Burials of three ancient bodies shed light on human migration

Scientists have discovered three bodies on an Indonesian island that provide insight into the movements of early humans thousands of years ago.

The bodies, found at three burial sites, are part of an excavation and analysis of 50,000 bones discovered along the southern coast of the Indonesian island of Alor, north of Timor Leste.

The various remains found under rock shelters in an area named Tron Bon Lei near Lerabain are between 7,500 and 13,000 years old.

But it’s how they were buried that provides unique insight into how early humans moved through Southeast Asia during the Pleistocene and Holocene periods.

Studies are beginning to understand the genetic diversity of peoples in the region, which lead researcher Dr. Samper Carro says can be further informed by the discovery of these bodies.

Read more: How did the first humans migrate to Australia?

“The three rather unusual and interesting burials show different mortuary practices,” says Carro.

“They could be linked to recent discoveries of multiple migratory routes through the Wallacea Islands thousands of years ago.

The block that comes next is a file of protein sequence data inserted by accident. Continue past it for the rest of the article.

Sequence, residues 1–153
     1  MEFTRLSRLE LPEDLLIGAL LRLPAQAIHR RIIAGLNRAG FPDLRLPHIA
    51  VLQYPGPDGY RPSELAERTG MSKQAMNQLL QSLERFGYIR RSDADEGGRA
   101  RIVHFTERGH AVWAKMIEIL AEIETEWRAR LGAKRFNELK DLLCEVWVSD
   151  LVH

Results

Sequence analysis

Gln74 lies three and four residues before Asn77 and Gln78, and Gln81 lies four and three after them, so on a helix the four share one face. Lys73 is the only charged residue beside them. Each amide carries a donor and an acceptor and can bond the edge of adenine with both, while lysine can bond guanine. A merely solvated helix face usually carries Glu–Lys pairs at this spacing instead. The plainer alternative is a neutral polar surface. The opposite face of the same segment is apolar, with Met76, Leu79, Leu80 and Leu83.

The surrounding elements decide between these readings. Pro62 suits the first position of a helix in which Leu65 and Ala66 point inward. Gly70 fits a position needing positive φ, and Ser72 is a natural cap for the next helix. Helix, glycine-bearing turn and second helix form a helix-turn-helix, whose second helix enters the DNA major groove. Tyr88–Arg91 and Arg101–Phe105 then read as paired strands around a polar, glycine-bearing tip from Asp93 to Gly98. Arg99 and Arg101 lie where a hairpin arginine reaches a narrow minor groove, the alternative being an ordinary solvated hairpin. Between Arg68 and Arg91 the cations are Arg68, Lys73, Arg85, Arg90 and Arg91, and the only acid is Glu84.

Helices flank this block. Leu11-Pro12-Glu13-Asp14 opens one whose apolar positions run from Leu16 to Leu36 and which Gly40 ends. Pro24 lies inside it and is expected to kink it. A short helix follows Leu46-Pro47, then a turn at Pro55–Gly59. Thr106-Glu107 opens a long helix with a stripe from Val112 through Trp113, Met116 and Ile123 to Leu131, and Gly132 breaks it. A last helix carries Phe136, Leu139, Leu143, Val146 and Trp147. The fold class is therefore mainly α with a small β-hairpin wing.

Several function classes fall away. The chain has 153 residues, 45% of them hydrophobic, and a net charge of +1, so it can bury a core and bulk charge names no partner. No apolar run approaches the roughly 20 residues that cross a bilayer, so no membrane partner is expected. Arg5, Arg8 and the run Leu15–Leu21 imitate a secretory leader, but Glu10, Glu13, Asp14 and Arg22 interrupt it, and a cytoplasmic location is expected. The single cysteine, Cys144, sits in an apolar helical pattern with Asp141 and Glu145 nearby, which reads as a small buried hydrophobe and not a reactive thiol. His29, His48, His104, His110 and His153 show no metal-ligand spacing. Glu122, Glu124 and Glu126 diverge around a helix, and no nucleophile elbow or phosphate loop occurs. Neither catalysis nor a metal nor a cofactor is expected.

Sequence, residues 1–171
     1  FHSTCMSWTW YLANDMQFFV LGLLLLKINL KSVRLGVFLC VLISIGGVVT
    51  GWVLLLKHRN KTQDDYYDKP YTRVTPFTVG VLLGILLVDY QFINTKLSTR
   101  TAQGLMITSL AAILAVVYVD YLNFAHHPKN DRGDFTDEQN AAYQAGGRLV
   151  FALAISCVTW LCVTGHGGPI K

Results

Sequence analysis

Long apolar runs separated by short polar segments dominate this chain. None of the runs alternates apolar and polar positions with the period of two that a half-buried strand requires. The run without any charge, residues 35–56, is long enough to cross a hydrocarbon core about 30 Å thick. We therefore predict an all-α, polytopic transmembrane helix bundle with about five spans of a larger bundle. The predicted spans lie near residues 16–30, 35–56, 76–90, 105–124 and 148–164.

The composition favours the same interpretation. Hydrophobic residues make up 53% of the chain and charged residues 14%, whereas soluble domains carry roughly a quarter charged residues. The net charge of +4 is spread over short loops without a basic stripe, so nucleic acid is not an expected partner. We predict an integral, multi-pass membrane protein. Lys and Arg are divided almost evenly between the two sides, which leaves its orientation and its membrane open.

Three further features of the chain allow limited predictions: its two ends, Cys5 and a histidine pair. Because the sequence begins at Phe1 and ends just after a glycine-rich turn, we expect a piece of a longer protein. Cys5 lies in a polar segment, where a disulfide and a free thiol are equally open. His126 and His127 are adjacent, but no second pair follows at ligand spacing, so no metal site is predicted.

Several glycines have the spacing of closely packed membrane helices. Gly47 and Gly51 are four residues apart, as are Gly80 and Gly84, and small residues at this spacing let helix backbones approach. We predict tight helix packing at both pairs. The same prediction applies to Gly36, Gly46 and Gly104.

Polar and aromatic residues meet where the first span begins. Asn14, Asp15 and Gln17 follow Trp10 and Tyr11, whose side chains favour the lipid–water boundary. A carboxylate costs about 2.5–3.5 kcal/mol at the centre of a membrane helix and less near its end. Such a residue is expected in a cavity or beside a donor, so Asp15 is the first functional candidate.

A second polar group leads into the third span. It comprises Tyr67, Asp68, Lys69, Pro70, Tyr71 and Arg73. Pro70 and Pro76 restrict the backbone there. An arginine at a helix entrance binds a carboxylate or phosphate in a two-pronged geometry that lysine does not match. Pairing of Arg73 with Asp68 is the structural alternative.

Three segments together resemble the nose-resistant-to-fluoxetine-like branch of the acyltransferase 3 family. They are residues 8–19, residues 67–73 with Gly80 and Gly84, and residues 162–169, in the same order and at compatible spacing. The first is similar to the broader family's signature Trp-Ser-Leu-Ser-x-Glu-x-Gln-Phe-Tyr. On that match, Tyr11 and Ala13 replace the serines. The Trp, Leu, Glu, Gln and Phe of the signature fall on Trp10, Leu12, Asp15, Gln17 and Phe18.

“This shows how burial practices can complement genetic diversity data from one of the current research hotspots in Southeast Asia.”

Funeral practices and the speaking dead

The discovery of human remains in the area began in 2014, when teams from ANU and Indonesia’s Gadjah Mada University discovered a 12,000-year-old human skull buried with several fish hooks.

More bodies were found when the team returned to the site four years later. Carro then spent several years interrupted by COVID studying the remains, with the results now published in PLOS One.

It is the positioning of the bodies below the surface that provides archaeologists with insight into the different cultures that migrate through the region.

One of the bodies had its extremities intentionally ripped off before being buried.

Another was placed in a “sitting” position, while the third was lying on his side.

“Burials are a unique cultural manifestation to investigate waves of migration,” says Carro.

Burial practices can provide scientists with insight into the migration patterns made by ancient cultures.

Likewise, these practices may have developed locally, so Carro says further research to characterize mortuary practices in the region will help provide greater accuracy to his findings.

“Further research on aspects such as biomolecular anthropology, dietary practices or the types of tools used in funeral rites will allow us to collect more data,” she says.

“These future efforts will provide us with deeper insights to interpret the lifestyles of these communities.”